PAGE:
Not being rich made me more curious
Hacking my PSP, World of Warcraft and macOS forced me to become more curious and made me learn so much.
I just connected the dots and realized something about how hacking stuff fueled my curiosity.
Chapter I. PSP
When I was a kid, I wanted to play a lot of games on my PSP. Obviously that was not possible as I didn't have enough money to fulfill my gaming needs. So I took the family computer and started looking for a workaround.
That's how I stumbled upon forums explaining how to hack the PSP. I could finally play all the games I ever wanted.
I eventually got into changing the appearance of my PSP to make it much cooler and impress my friends. I remember adding LEDs in the trigger buttons and in the back, cutting the disk drive lid and adding a glass to see the games spin...
It was also my first time looking at a scripting language, Lua. To be honest I don't really remember why I used it exactly, but I remember the awesome feeling of accomplishment when your code works.
That's also when I discovered that my Apple headphones were much more powerful than I thought. In fact, I read that in the EU, Apple had to respect a specific maximum decibel so they added a small chip to do that. I took my iron and bypassed the chip.
It was my first time experimenting and hacking stuff. I learned so much. I've just discovered the power of learning on the internet. And probably the most important lesson: you can do it if you want -- if you are curious enough.
Chapter II. World of Warcraft
After a lot of modifications on my PSP, I eventually managed to brick it. But anyway, I discovered a game that got my attention. A lot of my attention -- World of Warcraft.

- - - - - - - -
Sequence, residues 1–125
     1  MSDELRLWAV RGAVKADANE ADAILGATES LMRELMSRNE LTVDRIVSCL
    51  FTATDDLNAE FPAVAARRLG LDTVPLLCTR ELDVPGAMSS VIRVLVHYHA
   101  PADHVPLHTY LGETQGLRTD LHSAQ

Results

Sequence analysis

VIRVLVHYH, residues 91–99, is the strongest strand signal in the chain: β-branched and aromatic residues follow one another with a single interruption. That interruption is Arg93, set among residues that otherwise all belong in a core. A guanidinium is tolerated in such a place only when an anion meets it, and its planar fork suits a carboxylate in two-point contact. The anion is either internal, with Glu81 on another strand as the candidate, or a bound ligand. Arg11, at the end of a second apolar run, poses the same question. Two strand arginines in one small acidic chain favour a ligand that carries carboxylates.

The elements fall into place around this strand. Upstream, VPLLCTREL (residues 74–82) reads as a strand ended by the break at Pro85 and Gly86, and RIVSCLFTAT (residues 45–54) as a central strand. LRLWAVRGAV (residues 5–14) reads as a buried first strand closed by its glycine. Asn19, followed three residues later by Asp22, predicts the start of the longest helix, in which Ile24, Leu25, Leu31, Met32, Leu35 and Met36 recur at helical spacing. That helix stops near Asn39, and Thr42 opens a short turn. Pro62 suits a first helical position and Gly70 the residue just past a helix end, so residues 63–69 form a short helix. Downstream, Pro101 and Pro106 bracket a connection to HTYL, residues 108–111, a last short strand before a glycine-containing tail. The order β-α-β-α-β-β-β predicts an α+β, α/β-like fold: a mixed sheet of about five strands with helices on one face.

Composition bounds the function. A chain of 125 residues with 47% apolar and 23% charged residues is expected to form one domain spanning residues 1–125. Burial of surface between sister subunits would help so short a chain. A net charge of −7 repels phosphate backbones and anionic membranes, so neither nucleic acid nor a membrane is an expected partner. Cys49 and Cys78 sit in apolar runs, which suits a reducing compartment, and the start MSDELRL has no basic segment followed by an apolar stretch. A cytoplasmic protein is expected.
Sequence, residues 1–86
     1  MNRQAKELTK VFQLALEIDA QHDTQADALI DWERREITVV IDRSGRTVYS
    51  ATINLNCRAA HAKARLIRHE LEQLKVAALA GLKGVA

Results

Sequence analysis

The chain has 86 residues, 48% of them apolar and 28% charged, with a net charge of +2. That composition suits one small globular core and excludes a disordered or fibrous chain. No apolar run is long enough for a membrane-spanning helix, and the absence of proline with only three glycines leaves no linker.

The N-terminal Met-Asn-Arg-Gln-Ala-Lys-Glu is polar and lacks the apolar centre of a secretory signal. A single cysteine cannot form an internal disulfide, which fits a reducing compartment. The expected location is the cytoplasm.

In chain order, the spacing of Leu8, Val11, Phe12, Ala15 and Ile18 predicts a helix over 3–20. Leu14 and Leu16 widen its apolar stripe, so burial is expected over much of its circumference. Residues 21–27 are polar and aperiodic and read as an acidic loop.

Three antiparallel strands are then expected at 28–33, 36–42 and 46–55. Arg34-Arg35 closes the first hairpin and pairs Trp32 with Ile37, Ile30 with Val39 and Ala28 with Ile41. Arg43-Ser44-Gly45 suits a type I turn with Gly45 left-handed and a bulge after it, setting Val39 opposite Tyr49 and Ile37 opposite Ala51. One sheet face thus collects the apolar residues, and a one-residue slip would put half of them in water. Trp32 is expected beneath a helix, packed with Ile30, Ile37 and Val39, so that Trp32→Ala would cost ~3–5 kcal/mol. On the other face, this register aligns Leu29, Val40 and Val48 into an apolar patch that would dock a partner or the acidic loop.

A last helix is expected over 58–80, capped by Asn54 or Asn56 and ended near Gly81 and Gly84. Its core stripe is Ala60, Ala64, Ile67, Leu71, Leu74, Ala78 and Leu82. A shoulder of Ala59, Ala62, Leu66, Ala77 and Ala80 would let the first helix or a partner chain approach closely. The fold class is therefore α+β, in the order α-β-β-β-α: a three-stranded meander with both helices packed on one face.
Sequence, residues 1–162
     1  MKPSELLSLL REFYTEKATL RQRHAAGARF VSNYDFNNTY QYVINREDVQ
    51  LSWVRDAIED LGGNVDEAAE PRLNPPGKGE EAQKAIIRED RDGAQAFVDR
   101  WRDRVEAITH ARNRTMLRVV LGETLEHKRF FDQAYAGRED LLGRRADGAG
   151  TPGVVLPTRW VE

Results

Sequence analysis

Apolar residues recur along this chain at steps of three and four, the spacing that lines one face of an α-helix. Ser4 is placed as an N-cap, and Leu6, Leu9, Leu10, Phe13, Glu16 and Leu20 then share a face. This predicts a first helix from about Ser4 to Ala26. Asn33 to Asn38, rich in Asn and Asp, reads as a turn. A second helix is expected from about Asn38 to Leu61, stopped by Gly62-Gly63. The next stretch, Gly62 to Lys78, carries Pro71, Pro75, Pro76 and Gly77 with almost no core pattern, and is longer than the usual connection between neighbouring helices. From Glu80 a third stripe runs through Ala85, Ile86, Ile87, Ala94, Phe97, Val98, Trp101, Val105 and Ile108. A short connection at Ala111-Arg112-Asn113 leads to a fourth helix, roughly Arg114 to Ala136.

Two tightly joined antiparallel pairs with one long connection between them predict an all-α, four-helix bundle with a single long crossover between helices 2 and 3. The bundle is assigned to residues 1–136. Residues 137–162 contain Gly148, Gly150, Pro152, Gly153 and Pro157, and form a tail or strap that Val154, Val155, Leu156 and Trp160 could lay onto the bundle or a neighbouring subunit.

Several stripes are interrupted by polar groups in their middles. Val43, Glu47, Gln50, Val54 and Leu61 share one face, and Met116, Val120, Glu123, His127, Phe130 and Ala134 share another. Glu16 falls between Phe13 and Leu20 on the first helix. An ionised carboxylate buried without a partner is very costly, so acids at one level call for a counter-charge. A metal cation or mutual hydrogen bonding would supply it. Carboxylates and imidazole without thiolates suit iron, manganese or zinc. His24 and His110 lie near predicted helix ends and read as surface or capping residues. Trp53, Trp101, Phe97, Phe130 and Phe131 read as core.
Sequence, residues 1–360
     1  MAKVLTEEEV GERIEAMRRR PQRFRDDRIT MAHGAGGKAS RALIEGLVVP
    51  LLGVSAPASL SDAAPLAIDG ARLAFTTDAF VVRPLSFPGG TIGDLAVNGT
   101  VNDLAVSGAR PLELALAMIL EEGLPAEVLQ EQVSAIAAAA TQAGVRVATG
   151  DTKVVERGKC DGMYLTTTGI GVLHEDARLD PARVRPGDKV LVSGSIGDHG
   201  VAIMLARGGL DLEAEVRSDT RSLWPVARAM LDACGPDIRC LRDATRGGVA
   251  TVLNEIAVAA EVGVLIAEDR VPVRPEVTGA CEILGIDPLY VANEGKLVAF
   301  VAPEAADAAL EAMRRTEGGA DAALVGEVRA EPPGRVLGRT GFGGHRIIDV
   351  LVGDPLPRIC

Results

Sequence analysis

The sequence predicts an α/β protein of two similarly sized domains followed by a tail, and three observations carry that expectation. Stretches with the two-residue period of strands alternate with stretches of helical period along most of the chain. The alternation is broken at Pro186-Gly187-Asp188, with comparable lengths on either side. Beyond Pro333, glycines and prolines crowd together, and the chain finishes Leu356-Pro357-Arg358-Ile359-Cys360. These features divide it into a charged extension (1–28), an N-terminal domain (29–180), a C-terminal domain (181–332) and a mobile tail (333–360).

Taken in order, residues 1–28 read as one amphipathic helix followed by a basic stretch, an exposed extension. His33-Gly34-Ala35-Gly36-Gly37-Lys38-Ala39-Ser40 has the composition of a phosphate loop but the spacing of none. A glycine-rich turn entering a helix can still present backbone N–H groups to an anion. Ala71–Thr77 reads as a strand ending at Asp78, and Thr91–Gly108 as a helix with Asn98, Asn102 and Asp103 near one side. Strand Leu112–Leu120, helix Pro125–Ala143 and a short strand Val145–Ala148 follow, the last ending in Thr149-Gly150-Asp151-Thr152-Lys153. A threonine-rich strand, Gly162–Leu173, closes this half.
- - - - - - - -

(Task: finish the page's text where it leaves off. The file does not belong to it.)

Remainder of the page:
But I couldn't pay to play on Blizzard's official servers. So I spent a lot of time playing on private servers. Private servers are unofficial servers made from open source code like MaNGOS or TrinityCore. And they are bugged.
I had found a great server and I was having a lot of fun. But it was buggy and at some point I wasn't having fun playing anymore. Instead, I had fun learning C++ and SQL to debug spells and quests, improving the game experience hand in hand with the hardcore gamers.
I decided to apply as a developer on the server's forum. I hacked my way into the administrator team. I lied about my age saying I was 19 years old to get hired. I did a great job and eventually got paid 1,500€ for two months. I was 15.
That's how I got into programming. I learned about C++, SQL and open source. That was great. I just got paid to work on something I love -- and I made some people happy.
I knew that I wanted to do this for the rest of my life.
Chapter III. macOS
More recently, I wanted to buy a new computer because my MacBook Pro no longer supported my workflow. It's way too slow.
I waited for the new Apple M1 chip to be released but I was pretty surprised when I learned about the 16GB ram cap. I already have 16GB on my Mac and it's not enough for me.
I couldn't spend $5000 on a Mac Pro. I couldn't wait for Apple to release new Macs. And I knew my friend Max had built a Hackintosh from his gaming PC. So I asked him how and he sent me a guide to install OpenCore.
I learned so much about how computers work. I spent a lot of time learning about the hardware, BIOS, boot process, EFI system partition, GPT vs MBR, NVRAM, Kernel extensions and more...
That was worth it. And now I have a very powerful computer running macOS -- almost as good as a Mac Pro but which costs me less than $1500.
Chapter IV. What's next?
Talking with a lot of my peers I realized this is not uncommon. It is actually very common to learn like this.
This mindset helped me learn how to create an app from scratch. I built Pool all by myself. We use it everyday with my girlfriend.
I realized that I love building apps and I'm happy to announce that I just joined Expo as a Software Engineer. It's a platform that helps you develop your app easily. You make an iOS, Android and web app using the same code. I use Expo to build Pool and I know it's the future of app development. I'm excited to follow my passion and help more people like me build their apps.
Have fun learning stuff on your own.
Thanks to Léna Deloizy, Quentin Burgess, Henry Fontanier and Maxime Janton for reading drafts of this.